A few days ago, I wrote about how the world was going to have more than enough vaccine for everybody by the end of the year, and listed all the vaccines which I thought would be approved in time to help people this year? Well, one that had not even been on my radar (Medigen) has filed for emergency use authorization in Taiwan. I didn’t consider it because it hasn’t even started Phase 3 trials.
Taiwan’s Food and Drug Administration has said that companies can use “immunobridging” to prove efficacy — using tests on the blood of vaccinated volunteers to show that the vaccine gives adequate immune responses. (IMHO, this is a reasonable shortcut for a regulatory agency to take in the middle of a pandemic.) Presumably, Medigen will show evidence of antibody production and maybe also T cells. (They still have to do Phase 3 trials, which Medigen will do in Paraguay.)
I tell you about this not because I think Medigen is awesome or anything like that, but to show that there are even more vaccines that will assist in vaxxing the world.
Oops, I forgot to include this article yesterday. It says that there is in fact a strong seasonal component to COVID — that R0 drops by 42% from winter to summer.
This study used a new way of looking at neurological impairments from COVID-19, and found much more impairment than standard measures.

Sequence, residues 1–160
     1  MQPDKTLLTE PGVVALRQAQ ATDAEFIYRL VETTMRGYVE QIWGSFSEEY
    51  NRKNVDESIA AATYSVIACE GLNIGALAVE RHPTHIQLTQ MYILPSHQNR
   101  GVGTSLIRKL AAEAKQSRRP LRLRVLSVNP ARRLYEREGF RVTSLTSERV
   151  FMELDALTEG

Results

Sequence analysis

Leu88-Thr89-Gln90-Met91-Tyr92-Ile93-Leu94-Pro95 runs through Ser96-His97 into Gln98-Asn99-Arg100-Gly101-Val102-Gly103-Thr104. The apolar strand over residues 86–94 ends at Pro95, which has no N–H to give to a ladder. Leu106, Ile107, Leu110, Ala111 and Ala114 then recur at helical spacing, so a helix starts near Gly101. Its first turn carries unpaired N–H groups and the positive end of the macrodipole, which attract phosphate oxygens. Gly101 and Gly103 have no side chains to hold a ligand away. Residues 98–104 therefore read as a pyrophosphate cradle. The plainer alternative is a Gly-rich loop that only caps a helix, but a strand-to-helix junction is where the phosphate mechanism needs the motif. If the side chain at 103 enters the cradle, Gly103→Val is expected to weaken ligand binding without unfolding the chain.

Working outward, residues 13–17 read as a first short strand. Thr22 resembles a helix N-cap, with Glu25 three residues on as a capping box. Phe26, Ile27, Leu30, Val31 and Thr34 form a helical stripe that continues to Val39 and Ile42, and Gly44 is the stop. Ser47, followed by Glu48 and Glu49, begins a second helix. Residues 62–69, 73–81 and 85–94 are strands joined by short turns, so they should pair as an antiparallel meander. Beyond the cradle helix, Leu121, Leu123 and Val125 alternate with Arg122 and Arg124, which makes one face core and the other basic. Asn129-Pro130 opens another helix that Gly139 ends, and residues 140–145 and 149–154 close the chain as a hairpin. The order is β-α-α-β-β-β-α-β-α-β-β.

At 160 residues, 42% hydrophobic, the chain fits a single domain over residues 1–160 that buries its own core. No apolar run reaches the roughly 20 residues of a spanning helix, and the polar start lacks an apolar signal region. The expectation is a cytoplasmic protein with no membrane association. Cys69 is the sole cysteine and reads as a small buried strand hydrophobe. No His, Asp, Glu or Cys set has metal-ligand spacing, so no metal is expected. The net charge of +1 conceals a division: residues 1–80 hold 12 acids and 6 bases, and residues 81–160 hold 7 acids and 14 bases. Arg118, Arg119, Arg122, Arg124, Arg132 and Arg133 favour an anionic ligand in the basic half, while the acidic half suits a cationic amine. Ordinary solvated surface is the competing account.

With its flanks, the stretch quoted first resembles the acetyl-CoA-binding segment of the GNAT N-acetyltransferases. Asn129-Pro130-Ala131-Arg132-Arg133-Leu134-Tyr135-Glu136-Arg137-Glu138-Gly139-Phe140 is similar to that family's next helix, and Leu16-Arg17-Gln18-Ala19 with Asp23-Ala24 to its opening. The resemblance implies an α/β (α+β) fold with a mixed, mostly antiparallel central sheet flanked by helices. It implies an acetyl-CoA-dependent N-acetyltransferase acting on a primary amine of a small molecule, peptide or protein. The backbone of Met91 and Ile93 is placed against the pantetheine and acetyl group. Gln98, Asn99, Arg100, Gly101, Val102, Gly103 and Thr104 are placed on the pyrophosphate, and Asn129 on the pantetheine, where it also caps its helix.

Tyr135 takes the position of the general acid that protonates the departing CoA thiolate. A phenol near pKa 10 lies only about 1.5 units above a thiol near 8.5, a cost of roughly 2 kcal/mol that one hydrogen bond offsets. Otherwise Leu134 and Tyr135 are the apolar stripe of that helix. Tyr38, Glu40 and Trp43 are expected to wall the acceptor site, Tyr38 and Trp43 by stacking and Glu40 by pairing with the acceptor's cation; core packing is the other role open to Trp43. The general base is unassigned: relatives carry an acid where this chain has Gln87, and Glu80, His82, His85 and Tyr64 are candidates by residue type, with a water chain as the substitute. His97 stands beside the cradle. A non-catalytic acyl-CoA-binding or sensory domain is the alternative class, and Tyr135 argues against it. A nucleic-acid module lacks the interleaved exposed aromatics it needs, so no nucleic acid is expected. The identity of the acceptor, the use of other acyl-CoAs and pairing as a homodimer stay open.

It’s an early study, but this article suggests that giving people hospitalized with COVID-19 an anti-coagulant right off the bat might be helpful.
This article talks about mixing vaccines and why it might be a good thing.
This article is sort of a rah-rah yay Canada discussion of how we managed to have the highest vax rate of any of the big countries. If you ave Canadian, you won’t learn anything, but it will make you feel good.
(I think they don’t give enough weight to the most important thing: we’ve got vax now. Lack of hesitancy (probably due in part to less political divisiveness fomented along intellectual lines) helps, but without the vax supply which our government laid in, it’s nothing.)
Want to see where the next pandemic will come from? This article talks about a long-standing project to evaluate (and rank) animal viruses by how scary they are.